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COAT 3.0 CASE STUDY – COUNTY LEVEL ANALYSIS

Chris CardwellMay 27 2020

Driving to the grocery store, I see others around me in their own cars, enjoying the ride with their families – a small bit of freedom after sheltering in place for the past several months. I watch them soaking in the sunlight, absorbing all the scenic beauty they can from inside the confines of their vehicles, and breathing in the fresh air (conditioning). In the store parking lot, they begin the new routine so many of us are incorporating into our lives – affixing the facemask, gloves, hand sanitizer, etc. – to complete the new “pandemic grocery store chic” ensemble (all joking aside, a big thanks to those of you who are doing this to protect our vulnerable populations).

Protecting the nation is now in the hands of every individual and we’ve all slowly amassed an arsenal of face coverings, latex, and disinfectants. As social beings, we look forward to time with friends and family beyond just on a screen…but as we define a ‘new normal’, there are adaptations we will need to make in order to thrive in a post-pandemic world. And while it is ultimately up to individuals to comply, the US government has provided basic guidelines for state, local, and regional governments to navigate this new terrain – outlining the ‘3P’s’ – phases, precautions, and protections.

To properly enact these 3P’s, we need to be aware of the daily case counts, identify where the hotspots are, and recognize how things are changing with respect to time. We also need to gauge if we have the right amount of resources to respond to the changing circumstances. With the latest version of Tresata COAT, we’ve added in a new metric (Rt) to enhance our ability to recognize, synthesize, and predict these factors.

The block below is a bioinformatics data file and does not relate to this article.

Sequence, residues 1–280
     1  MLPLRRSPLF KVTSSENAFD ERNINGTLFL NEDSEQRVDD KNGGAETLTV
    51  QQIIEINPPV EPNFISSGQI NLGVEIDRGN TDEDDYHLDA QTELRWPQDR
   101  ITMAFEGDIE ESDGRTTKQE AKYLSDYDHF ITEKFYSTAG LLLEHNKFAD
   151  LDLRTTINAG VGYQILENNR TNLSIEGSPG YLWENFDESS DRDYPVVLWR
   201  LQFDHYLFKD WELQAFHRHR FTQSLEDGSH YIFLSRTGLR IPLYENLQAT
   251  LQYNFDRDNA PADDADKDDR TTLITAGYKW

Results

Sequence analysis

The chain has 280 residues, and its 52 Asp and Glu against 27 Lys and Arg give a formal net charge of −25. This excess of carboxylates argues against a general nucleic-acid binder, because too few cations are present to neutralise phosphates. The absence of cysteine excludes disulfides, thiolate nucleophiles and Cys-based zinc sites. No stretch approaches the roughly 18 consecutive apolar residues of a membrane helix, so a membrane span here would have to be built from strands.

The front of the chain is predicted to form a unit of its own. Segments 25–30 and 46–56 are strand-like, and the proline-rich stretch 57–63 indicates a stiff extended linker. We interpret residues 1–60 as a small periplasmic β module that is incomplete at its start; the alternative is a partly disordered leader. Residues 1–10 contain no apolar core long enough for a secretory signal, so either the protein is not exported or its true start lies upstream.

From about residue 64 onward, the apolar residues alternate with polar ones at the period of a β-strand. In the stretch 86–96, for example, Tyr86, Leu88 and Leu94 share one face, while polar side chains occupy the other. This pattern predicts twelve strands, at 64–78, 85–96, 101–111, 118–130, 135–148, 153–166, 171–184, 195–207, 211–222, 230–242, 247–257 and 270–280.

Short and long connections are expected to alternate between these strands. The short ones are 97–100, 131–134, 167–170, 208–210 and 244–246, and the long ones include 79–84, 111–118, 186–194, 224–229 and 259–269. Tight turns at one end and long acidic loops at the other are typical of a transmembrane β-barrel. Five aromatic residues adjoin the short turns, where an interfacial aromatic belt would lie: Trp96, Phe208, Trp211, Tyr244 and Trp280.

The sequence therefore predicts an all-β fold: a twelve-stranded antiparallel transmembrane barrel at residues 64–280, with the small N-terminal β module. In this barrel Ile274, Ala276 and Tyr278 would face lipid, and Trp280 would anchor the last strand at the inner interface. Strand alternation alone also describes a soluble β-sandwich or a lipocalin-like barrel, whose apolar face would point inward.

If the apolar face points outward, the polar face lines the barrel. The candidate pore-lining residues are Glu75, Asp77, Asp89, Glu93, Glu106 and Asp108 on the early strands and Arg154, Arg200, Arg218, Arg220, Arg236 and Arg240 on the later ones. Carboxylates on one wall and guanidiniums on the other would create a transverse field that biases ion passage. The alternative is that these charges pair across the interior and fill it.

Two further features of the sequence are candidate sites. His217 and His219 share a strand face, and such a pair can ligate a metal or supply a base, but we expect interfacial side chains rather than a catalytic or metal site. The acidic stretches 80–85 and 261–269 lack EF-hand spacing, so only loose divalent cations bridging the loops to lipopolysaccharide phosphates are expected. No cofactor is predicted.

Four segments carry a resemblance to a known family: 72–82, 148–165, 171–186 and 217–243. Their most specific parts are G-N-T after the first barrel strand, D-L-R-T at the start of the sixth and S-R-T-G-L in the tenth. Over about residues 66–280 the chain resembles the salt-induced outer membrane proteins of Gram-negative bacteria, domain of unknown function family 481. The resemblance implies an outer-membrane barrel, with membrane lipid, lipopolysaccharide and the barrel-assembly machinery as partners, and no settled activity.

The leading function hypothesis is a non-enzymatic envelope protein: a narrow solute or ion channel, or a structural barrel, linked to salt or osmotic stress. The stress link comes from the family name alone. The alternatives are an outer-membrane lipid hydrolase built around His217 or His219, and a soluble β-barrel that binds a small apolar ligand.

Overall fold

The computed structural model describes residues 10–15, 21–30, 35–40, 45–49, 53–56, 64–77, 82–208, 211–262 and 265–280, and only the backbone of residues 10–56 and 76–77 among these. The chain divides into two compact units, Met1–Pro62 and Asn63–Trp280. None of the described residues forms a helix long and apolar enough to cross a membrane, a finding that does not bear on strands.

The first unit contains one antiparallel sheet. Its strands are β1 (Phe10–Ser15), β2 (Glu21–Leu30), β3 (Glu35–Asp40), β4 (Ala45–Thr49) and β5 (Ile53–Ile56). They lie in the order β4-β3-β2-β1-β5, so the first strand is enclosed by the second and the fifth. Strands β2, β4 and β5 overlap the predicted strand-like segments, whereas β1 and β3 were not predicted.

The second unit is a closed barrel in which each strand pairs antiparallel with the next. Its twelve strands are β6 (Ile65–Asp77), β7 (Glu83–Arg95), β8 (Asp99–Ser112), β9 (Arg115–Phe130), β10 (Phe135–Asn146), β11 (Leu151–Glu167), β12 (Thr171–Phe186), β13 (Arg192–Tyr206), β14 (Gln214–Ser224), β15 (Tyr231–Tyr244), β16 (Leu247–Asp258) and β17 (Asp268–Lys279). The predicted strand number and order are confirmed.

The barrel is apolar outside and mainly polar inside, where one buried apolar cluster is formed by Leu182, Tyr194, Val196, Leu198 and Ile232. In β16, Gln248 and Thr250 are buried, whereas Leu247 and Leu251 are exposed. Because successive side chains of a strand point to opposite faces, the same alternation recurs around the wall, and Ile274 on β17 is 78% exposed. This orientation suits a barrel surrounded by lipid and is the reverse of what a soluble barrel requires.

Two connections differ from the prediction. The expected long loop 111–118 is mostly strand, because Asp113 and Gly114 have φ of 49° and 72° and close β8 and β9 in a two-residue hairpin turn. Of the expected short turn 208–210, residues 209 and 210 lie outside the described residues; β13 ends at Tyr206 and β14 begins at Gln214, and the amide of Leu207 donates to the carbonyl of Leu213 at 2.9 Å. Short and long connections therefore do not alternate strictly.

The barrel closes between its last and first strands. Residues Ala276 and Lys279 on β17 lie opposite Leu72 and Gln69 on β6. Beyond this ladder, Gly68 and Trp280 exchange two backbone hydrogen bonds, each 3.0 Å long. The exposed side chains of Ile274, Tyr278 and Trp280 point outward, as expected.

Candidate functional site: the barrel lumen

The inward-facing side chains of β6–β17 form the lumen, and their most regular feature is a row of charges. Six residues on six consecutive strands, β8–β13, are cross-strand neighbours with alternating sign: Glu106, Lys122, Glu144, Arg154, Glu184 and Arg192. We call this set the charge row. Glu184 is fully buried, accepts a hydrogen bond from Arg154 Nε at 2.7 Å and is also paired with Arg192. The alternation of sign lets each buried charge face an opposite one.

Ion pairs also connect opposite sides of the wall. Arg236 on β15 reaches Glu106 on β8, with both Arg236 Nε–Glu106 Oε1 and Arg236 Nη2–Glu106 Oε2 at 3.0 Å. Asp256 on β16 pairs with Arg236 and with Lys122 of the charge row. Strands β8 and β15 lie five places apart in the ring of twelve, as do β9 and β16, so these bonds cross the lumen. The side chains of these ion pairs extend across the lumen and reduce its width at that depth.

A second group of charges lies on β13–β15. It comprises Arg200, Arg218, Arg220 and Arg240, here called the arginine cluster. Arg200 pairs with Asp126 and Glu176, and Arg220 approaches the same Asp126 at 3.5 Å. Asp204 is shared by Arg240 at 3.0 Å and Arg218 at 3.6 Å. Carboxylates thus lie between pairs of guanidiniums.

Rt is utilized by epidemiologists to understand and predict the spread of a deadly virus accurately in order to communicate to the public what measures need to be taken in order to mitigate risk. While epidemiologists use Rt more often than we do in our daily lives (excluding those of you who have become self-proclaimed COVID 19 experts), it can easily be understood. Put simply, if Rt is greater than 1 then for every person who is infected, they will spread it to more than 1 person on average. Hence, the closer Rt trends towards 0, the safer it is to loosen restrictions in that region.

Although all of this information is publicly available on the internet, there aren’t many sources that talk about county level Rt analysis over time…AND, although many a dashboard exists to illustrate the spread of infection for larger regions, none are looking at a county level (and certainly not in an automated way).

Why is the county level Rt important when we know the condition of a particular state in its entirety? As we’ve mentioned before, COVID19 has no boundaries. So, while certain counties and regions may have had more stringent social measures in place, surrounding counties without them can still put those areas at risk of becoming a hotspot. This is where C.O.A.T provides a more granular view of county level Rt to understand if a county is ready to reopen. C.O.A.T presents the daily case count, testing trends, medical resources available and calculates the probable estimate of Rt at the county level – informing data-centric decisions that let us move forward in phases, with the appropriate precautions and protection.